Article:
February is Aboriginal Storytelling Month. This is the perfect opportunity to explore works by Aboriginal authors. The following list was compiled by the Moose Jaw Public Library. Of course, this is just a sample to get your started. If you want to explore further, contact the library online or by calling 306-692-2787.
Palliser Regional Library is also hosting a series of events with Kim Soo Goodtrack, an author and artist. She is a member of the Lakota Wood Mountain Reserve. Kim Soo Goodtrack will make presentations throughout the region later this month. Her schedule includes stops at:
- Willow Bunch Library on Feb. 25 at 7 p.m.
- Moose Jaw Public Library on Feb. 26 at 10 a.m.
- Rouleau Library on Feb. 26 at 2 p.m.
- Assiniboia Library on Feb. 28 at 10 a.m.
For more information on Kim Soo Goodtrack, visit her website.
Firewater: How Alcohol is Killing My People (And Yours) by Harold Johnson. A frank and honest look the history of alcohol and the effects it has had on Indigenous people.
Speaking Our Truth: A Journey of Reconciliation by Monique Gray Smith. This book examines the history of residential schools and how they have impacted survivors. This book is extremely accessible. Although it is written for younger audiences, adults will find it very informative. It was named one of the five finalists for the 2018 TD Canadian Children's Literature Award.
The Raven Steals the Light by Bill Reid and Robert Bringhurst. A classic collection of Haida stories and art.
The Break by Katherena Vermette. An examination of the people living in Winnipeg's North End, told through different perspectives. An excellent story from an award-winning author.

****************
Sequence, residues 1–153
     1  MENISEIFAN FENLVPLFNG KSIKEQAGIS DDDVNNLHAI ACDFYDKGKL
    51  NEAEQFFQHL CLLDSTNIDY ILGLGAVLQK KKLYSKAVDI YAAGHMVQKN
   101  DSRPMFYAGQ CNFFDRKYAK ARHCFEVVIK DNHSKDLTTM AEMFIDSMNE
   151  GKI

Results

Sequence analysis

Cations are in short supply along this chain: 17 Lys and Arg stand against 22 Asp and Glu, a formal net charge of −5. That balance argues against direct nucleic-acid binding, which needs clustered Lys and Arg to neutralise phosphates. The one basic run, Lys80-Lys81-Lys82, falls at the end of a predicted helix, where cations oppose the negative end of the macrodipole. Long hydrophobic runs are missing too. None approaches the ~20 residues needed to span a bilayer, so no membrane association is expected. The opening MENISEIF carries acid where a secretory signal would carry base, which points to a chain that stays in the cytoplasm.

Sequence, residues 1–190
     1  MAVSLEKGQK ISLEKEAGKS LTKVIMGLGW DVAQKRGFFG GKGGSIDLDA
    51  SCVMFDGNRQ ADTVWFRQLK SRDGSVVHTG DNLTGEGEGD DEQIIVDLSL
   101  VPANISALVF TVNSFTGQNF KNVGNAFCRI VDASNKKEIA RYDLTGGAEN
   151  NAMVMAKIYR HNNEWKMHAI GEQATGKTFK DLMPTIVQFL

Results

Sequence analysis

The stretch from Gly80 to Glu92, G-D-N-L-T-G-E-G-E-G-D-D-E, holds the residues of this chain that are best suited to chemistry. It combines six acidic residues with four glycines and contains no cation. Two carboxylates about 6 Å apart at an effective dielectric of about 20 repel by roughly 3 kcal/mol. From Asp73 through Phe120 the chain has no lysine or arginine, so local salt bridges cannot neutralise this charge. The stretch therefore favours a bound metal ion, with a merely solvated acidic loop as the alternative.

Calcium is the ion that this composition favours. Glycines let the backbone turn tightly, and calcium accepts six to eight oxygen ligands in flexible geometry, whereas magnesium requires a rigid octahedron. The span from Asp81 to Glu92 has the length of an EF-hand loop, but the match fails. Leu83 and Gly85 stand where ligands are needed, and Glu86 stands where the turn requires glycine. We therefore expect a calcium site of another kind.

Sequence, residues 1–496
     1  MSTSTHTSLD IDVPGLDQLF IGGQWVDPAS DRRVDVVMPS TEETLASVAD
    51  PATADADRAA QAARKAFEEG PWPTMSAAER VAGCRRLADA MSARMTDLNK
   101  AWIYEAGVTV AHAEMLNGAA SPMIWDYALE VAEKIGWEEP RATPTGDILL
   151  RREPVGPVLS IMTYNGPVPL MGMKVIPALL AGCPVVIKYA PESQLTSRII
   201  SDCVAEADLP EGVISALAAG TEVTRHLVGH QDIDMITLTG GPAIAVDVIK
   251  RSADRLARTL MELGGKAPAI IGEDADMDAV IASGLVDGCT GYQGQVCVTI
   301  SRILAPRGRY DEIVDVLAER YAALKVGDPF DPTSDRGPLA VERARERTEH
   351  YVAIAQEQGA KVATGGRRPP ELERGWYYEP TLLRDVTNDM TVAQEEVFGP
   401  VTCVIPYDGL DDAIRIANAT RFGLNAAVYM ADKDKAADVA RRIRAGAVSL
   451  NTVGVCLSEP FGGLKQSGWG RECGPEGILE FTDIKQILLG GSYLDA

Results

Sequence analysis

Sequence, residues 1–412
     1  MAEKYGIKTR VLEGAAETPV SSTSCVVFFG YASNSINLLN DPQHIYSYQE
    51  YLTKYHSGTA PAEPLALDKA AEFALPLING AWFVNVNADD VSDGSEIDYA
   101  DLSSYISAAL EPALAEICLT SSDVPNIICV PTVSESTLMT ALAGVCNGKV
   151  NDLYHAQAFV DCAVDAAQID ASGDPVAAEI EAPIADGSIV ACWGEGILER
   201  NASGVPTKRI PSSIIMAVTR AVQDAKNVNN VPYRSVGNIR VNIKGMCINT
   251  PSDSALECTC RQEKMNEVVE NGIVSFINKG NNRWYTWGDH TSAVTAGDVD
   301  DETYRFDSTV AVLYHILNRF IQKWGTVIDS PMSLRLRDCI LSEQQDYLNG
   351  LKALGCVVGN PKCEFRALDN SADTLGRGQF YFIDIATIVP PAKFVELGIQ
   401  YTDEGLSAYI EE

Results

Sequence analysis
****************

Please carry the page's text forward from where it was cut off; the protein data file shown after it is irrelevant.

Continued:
Green Grass, Running Water by Thomas King. This book was a finalist for the Governor General's Award for Fiction in 1993. King is a renowned storyteller. This book takes place in the fictional town of Blossom and tells the story of five Aboriginal individuals.
Books for Younger Readers
Eaglecrest Readers series. This is a beautiful series of early readers at a variety of reading stages featuring pictures of contemporary West Coast Indigenous peoples in their daily lives. All Books are on the North American Reading Recovery Book List.
Fatty Legs / When I Was Eight by Christy Jordan-Fenton and Margaret Pokiak-Fenton. Both the novel (Fatty Legs) and the picture book, When I Was Eight, tell a true story from a residential school in which a plucky young Indigenous girl displays bravery and stands up to her tormentors.
Nala's Magical Mitsiaq by Jennifer Noah.This is a sweet tale of Inuit families, and of a mother's love for her two daughters: "One who grew in her belly, and one who grew in her heart." The author is a youth health researcher who worked to develop an evidence-based model of health and wellness and empowerment programs in Nunavut that reflect Nunavummiat voices and Inuit values. She and her husband have two children, one of whom was traditionally custom adopted through family.
Siuluk The Last Tuniq by Nadia Sammurtok. This is the sweet and unassuming story and legend of Siuluk, a quiet giant who shows his true strength in the face of mockery and challenge. The book finishes with a photo of the author's father and the rock chiselled by Siuluk. Nadia Sammurtok is an Inuit writer from Rankin Inlet who is passionate about preserving Inuit culture.
My Day at the Exhibition by Danielle Poulin. This is an early reader that narrates the exciting events for a young child attending an exhibition in Prince Albert. Danielle is a member of the Lac La Ronge Indian Band.